It’s probably all been said about Apple’s iPad launch this past week, but I was particularly interested in the viewpoints of a few of my friends:
Steve Garfield concentrates on the limitations imposed on the device. He comes from the standpoint of a heavy video consumer who would like flash, as well as many other features that this 1st generation iPad lacks. Consider it a vote against Apple’s closed system and lack of features.
Christopher Penn finds one killer app and it’s…marketing. It’s a great presentation device, right? Only problem is I’m not at all convinced Apple had this in mind as the primary use for the new device.
Also, Scott Monty points out what the whole world is saying; the name is, well, perhaps not so well thought-out (no women on the marketing team?). I’ll let you click over to see the supporting photo and video. Valeria Maltoni weighs in with humor as well.
No Money in Content? Uh-Oh!
Speaking of Valeria, a thought-provoking post from her. The post title is misleading. But when you read it, you see the great points she makes. It is true that content for content’s sake won’t do anything for you. Is there a strategy/audience/context- a plan- or are you spraying it instead of saying it?
Bloggers Aren’t Writers?
Rebecca Thorman sticks her fist into a wasp’s nest with that statement. I think the problem with the semantic back-and-forth is that the tool- blogs- doesn’t matter. A writer is a writer, and a hack is a hack. Some great writers blog, come “mainstream” publications have blogs staffed by professionals. Many professional writers are finding new careers in a shrinking print industry by blogging- for themselves or for corporations. Saying bloggers aren’t writers stirs discussion, which is great, but it does not make a great blanket to cover the issue of writers vs. amateurs.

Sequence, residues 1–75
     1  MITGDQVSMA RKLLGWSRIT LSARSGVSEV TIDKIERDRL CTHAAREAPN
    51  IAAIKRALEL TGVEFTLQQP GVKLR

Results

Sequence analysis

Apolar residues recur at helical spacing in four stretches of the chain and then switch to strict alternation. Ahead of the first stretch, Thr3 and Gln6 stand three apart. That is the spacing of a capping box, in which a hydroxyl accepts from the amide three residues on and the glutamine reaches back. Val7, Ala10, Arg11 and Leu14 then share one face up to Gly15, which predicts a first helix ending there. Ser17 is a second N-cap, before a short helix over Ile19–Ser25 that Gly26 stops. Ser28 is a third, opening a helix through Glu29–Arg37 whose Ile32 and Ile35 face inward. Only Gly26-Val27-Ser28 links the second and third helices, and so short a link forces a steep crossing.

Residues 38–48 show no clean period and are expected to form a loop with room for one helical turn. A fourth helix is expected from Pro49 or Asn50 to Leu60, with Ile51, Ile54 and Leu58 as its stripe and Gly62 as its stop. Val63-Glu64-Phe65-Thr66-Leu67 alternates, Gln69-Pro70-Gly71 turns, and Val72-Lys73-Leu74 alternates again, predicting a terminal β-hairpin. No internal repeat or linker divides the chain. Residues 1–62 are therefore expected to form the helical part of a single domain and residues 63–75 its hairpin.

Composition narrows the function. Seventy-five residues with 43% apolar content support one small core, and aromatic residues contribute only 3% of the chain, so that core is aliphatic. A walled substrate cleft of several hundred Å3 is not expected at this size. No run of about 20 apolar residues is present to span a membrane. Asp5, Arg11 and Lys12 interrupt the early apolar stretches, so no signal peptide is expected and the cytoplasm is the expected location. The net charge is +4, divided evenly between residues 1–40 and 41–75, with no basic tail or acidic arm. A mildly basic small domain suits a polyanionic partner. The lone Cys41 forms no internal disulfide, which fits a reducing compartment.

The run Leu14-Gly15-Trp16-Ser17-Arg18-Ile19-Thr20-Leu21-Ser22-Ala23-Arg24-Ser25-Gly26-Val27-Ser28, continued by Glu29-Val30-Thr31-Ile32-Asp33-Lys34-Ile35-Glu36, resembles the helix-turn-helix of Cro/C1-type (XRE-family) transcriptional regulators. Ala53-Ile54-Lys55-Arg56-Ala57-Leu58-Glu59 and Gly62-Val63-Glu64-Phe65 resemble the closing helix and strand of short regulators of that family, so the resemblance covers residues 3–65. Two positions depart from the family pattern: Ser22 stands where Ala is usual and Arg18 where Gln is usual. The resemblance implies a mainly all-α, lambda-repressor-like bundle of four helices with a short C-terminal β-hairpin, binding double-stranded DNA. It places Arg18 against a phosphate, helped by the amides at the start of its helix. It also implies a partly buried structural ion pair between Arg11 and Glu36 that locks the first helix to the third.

The Real Definition of “Expert”
I have been a fan of Penelope Trunk for over a decade, and it was my pleasure to have her company, Brazen Careerist, as a client last year. Her post (a blog– by a writer! ;P) on “being an expert” struck a chord, as many of us in social media bristle at the “expert” term. But, we need to be experts to have credibility, don’t we? The message here that time, experience and a lot of work are more important than talent makes a lot of sense. I need to read her source material from The Harvard Business Review to make my thinking on the issue more than superficial.
Capsule Droid Review From User’s Perspective
Again with the gadgets. You can like or not like what you use, but I thought it might be useful to give my impressions of the Motorola Droid, from a not too-terribly techy user:
The virtual keyboard took no time to get used to. I don’t even use the “real” one, which surprised me. It makes me think more strongly that virtual keyboards will become the norm as people get used to them (and we stop hearing new iPhone users crab about it), and the keyboards themselves get better.
The sound clarity is so great that I hate using my blue tooth and use speaker phone mode, even in the car. It’s that good.
Apps? I know the Android marketplace selection is much scanter than the iPhone store. However, as I am just getting started, most of th apps I thought to look for were there (Seesmic, Foursquare, Facebook, Qik, et al). I’m certain that by the time I become more app-savvy the store will be a lot better-stocked.
Battery? Could be better. I’m just being aware of having charging options available in multiple places (USB, car, outlet etc).